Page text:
I have no connection to the town where I live. Instead my friends have become the place I call home
It is morning in Los Angeles, and my friend Tess is making breakfast. I watch her pad about the kitchen in her pyjamas, fixing coffee and oatmeal, and all the while we are talking – about politics, and soup recipes, and Guns N’ Roses, about the peculiarities of pandemic life. In England, the day is fading. Beyond my computer screen, my window looks out to a pinkening sky, and the last bright flashes of parakeet and magpie.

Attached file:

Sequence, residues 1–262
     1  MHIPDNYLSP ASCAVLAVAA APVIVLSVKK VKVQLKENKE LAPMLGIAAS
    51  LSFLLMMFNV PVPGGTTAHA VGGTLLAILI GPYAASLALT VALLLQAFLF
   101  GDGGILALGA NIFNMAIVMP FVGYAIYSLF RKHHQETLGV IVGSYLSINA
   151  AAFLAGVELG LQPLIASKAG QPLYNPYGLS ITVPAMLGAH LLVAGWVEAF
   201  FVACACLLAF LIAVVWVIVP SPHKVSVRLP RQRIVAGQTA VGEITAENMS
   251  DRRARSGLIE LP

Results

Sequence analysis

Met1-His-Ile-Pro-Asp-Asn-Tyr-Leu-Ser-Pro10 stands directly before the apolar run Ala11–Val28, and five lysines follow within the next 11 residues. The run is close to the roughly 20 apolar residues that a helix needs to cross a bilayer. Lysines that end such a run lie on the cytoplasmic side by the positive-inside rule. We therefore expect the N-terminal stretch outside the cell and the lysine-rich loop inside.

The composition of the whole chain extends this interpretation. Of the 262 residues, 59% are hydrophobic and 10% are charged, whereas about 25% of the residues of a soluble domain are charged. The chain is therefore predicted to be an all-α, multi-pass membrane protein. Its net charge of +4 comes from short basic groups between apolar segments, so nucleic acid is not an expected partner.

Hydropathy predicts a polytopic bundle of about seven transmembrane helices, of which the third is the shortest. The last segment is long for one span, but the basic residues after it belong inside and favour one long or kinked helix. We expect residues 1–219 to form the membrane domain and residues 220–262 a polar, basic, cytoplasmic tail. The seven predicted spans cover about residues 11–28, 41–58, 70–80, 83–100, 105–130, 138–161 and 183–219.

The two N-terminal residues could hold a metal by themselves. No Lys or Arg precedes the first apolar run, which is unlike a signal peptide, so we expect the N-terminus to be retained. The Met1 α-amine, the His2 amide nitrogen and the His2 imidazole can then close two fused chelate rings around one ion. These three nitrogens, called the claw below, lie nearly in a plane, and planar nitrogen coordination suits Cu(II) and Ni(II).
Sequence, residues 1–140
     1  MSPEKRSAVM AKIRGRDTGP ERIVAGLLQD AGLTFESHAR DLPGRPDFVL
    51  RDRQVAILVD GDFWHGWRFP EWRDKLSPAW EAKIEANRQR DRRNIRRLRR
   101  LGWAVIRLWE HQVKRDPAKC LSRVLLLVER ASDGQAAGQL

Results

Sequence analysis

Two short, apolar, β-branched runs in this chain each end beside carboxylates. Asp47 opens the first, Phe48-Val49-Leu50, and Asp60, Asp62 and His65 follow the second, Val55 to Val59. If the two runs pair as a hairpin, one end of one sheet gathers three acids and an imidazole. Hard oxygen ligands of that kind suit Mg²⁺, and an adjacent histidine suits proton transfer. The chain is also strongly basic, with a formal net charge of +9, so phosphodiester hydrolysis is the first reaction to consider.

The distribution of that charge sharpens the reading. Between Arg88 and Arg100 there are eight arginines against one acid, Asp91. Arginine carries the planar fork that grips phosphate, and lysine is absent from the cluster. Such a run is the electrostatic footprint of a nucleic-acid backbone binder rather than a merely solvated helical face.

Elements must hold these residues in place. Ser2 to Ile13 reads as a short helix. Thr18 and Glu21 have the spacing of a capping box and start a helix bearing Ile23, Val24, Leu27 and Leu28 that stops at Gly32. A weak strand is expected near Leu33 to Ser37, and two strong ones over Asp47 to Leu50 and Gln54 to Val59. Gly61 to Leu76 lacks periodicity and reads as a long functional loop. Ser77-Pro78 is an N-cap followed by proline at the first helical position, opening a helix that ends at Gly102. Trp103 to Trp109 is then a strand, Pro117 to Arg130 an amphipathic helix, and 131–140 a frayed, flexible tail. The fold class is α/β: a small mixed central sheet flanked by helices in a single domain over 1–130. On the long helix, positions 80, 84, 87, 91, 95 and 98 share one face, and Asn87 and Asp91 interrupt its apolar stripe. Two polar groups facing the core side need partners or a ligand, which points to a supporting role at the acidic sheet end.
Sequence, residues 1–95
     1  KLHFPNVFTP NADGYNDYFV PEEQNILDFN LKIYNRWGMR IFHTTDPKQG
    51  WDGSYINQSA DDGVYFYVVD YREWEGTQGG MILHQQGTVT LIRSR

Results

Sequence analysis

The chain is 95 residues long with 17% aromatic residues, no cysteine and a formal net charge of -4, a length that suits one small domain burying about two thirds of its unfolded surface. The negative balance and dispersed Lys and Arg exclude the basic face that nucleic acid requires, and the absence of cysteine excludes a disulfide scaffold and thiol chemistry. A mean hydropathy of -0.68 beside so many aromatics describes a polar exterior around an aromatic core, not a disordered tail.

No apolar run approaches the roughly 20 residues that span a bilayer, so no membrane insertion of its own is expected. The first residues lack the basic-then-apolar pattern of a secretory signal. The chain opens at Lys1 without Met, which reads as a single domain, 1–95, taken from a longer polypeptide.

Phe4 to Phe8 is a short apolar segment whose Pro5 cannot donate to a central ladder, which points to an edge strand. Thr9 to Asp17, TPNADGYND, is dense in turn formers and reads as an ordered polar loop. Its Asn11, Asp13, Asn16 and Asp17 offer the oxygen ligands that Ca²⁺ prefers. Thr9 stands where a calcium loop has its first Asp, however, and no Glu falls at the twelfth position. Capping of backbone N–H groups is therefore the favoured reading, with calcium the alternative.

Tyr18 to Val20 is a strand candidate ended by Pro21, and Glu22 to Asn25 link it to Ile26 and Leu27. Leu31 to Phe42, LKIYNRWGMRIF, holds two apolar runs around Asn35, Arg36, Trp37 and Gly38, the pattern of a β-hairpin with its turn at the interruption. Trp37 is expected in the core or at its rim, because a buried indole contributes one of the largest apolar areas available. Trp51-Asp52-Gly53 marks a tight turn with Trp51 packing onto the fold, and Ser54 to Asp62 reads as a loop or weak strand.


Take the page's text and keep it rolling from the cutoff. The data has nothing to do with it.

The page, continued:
We are eight hours and five and a half thousand miles apart, but throughout the strangeness of the past year, Tess has been my steady companion. Since March, we have spoken every day. Sometimes twice. Sometimes for an hour or more. The pandemic has brought a fervency to some of my friendships: I don’t think I have spent so many hours taking telephone calls of ambling nothingness since my teens. This is not the same as those early pandemic Zoom gatherings, many faces spread across a screen, but an increasingly concentrated attachment between two people.